Pruitt is a former refugee from the Soviet Union who views herself as a Reagan-esque conservative. She advocates for lower taxes and fighting Socialism. She is not spending heavily in this race.
Mary Gay Scanlon (campaign website)
Scanlon is a somewhat moderate Democrat on several issues, though she takes a very strong liberal stance on certain issues, most notably guns. She is expected to be comfortably reelected here.
Pennsylvania’s 6th Congressional District
Incumbent: Chrissy Houlahan (Democratic, first term)
Partisan Lean: D+2
|Chrissy Houlahan (D)||177,704||58.88|
|Greg McCauley (R)||124,124||41.12|
John Emmons (campaign website)
Emmons is a small-government conservative, running to lower taxes and business regulations, as well as on a free market solution to healthcare. He is spending somewhat heavily and not focusing on President Trump too much in his campaign, a tactical choice in this potentially close district.
Chrissy Houlahan (campaign website)
Houlahan is a liberal Democrat, mostly running on pushing back against the policies of President Trump and the Republicans in Congress.
Pennsylvania’s 7th Congressional District
Incumbent: Susan Wild (Democratic, first term)
Partisan Lean: D+1
|Susan Wild (D)||140,813||53.49|
|Marty Nothstein (R)||114,437||43.47|
|Tim Silfies (L)||8,011||3.04|
Lisa Scheller (campaign website)
Scheller is mostly negatively campaigning against left-wing ideas. She is focusing on entitlement reform as an actual policy position, but mostly she is arguing against things like the Green New Deal, sanctuary cities, and more. She also wants to reform disability spending to prioritize helping people get back to work instead of remaining on disability.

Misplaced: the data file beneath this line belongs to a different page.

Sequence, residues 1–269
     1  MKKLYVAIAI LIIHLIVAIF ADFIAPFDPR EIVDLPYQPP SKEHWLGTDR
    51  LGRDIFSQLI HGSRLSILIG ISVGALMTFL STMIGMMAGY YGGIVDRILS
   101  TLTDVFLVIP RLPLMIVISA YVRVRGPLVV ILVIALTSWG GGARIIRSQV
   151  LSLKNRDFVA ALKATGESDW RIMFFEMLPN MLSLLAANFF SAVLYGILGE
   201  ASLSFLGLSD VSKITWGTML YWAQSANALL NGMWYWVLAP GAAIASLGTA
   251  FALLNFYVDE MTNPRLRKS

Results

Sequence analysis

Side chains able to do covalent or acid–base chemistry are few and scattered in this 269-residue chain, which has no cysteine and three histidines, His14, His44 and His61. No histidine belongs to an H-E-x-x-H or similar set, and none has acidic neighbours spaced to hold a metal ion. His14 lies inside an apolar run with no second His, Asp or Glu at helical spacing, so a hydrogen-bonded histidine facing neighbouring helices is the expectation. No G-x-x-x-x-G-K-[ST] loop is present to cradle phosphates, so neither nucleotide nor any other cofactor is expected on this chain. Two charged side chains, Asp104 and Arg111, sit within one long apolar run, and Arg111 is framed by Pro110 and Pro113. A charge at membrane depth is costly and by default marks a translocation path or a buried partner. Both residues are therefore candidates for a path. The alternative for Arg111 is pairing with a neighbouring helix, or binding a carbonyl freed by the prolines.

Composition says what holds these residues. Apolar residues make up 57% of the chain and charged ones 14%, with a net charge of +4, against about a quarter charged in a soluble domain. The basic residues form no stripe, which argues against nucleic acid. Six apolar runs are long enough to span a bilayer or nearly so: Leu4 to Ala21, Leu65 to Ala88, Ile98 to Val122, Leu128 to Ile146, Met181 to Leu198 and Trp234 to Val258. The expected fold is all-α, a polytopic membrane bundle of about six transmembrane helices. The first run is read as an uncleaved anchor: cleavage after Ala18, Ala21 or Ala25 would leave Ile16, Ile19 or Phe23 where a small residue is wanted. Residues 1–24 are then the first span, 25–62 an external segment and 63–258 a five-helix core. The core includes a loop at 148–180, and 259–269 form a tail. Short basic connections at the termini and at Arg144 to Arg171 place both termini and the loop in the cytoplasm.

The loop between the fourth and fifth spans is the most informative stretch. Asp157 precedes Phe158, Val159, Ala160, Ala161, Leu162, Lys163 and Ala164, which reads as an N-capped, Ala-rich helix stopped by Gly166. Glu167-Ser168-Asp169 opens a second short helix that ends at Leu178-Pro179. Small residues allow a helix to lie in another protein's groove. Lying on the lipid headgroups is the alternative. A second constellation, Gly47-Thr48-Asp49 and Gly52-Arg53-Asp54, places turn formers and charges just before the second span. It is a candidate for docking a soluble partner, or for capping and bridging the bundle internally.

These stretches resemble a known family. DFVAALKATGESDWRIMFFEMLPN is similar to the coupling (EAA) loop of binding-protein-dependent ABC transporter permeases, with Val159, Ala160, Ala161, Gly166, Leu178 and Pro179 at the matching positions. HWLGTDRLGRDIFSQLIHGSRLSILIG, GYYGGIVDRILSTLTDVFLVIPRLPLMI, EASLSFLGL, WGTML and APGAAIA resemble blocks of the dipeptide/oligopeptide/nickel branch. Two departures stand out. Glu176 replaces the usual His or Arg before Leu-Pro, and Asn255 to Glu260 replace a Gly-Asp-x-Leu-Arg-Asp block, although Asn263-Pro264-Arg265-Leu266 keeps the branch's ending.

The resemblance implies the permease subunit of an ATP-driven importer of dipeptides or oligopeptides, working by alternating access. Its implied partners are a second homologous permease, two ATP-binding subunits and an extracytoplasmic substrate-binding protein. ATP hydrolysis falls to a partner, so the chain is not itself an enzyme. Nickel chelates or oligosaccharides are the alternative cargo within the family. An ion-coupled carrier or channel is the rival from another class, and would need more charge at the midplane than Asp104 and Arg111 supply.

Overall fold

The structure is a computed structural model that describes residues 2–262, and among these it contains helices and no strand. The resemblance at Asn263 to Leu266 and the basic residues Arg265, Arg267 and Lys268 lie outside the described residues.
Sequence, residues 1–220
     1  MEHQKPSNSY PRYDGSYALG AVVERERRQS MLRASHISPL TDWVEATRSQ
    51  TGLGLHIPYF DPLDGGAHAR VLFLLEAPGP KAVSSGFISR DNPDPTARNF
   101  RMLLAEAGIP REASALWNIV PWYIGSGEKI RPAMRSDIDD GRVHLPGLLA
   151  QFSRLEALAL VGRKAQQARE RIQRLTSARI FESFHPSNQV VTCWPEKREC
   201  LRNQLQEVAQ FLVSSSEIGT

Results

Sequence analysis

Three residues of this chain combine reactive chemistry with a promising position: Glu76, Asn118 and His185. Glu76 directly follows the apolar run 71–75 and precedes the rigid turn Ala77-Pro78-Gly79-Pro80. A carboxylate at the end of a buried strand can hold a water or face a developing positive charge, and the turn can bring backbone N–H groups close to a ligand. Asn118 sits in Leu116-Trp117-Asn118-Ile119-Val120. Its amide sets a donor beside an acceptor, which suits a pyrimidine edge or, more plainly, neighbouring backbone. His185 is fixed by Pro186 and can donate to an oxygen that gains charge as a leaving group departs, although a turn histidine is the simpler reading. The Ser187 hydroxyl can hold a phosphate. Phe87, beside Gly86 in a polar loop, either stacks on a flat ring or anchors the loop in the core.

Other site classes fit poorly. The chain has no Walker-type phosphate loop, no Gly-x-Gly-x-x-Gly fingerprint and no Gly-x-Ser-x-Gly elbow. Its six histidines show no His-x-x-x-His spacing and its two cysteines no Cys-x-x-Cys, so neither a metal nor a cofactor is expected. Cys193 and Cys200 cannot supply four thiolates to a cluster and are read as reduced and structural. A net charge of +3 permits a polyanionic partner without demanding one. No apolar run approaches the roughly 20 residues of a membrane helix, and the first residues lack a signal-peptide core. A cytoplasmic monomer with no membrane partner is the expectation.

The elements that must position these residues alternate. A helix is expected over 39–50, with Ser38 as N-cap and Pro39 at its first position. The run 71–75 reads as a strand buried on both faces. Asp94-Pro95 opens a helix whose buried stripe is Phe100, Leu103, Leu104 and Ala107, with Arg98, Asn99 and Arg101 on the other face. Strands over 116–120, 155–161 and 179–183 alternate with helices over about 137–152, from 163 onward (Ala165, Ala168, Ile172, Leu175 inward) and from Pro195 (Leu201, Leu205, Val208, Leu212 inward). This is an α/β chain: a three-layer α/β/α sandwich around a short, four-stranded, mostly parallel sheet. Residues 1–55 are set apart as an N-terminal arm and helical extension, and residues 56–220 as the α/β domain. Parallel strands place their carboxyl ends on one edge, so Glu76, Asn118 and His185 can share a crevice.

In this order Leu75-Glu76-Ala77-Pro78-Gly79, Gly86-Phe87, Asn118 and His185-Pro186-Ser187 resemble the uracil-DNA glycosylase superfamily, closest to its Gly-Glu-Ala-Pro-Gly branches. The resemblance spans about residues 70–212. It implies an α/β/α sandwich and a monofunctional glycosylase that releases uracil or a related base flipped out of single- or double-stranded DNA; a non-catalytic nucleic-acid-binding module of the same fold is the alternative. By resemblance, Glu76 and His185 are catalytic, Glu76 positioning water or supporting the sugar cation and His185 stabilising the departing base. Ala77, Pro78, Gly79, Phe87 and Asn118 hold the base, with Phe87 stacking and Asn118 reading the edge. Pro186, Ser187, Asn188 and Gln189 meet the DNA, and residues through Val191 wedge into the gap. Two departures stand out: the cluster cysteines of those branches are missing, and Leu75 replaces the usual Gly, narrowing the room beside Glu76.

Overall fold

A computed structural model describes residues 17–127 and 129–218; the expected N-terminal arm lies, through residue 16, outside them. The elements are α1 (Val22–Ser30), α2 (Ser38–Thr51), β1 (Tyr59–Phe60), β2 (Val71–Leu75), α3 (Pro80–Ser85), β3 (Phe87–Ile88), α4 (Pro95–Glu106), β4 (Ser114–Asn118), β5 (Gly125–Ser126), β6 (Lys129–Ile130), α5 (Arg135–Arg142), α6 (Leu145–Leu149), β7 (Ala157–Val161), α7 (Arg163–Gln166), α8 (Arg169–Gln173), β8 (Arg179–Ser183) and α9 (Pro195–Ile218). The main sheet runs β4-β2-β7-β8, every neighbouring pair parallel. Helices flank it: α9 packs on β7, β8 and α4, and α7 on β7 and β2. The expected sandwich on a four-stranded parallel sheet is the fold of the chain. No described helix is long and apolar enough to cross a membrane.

Susan Wild (campaign website)
Wild is a somewhat moderate Democrat, campaigning to restore the Affordable Care Act, fight climate change, and other general Democratic ideas.
Yesh’s notes: Both candidates are spending heavily in this race, as Republicans see this as a potential seat they can flip. While fighting off Scheller, Wild also potentially has to worry about Independent Anthony Sayegh, a progressive candidate who will be on the November ballot. Sayegh doesn’t seem to be campaigning heavily right now, which is good for Wild. If that changes, it probably opens the door more for Scheller––both by making Scheller’s campaign seem more pointed and by potentially leaching some votes from Wild.
Pennsylvania’s 8th Congressional District
Incumbent: Matt Cartwright (Democratic, fourth term)
Partisan Lean: R+1
|Matt Cartwright (D)||135,603||54.64|
|John Chrin (R)||112,563||45.36|
Jim Bognet (campaign website)
Bognet won a tight Republican primary by supporting President Trump’s stances on immigration. Bognet also takes a very hard-line position on drugs and fighting the opioid epidemic, and wants to cut regulations on small businesses.
Matt Cartwright (campaign website)
Cartwright is a generally somewhat moderate Democrat, though he does support raising the minimum wage to $15 per year within the next five years. He is also focusing on expanding internet access into the more rural areas of his northeastern Pennsylvania district.
Pennsylvania’s 9th Congressional District
Incumbent: Dan Meuser (Republican, first term)
Partisan Lean: R+14
|Dan Meuser (R)||148,723||59.75|
|Denny Wolff (D)||100,204||40.25|
Dan Meuser (campaign website)
Meuser is a conservative Republican who mainly campaigns against what he sees as abuses by Democratic politicians. He takes a standard Republican position on most issues, a safe play in a very red district.
Gary Wegman (campaign website)
Wegman is a liberal Democrat. His main campaign focus is a single-payer healthcare system. He also supports a $12 minimum wage and banning fracking––a potentially-unpopular position in this section of Pennsylvania.
You might be surprised with so many of these districts in the Philadelphia area, but there are plenty of battlegrounds here. The 1st District is a major battleground, and the 7th isn’t far behind. The 8th is also a potentially close race, and it wouldn’t be too shocking if the 6th was close as well.
Interested in the rest of our primers for other House races? We have them all listed on our primer home page.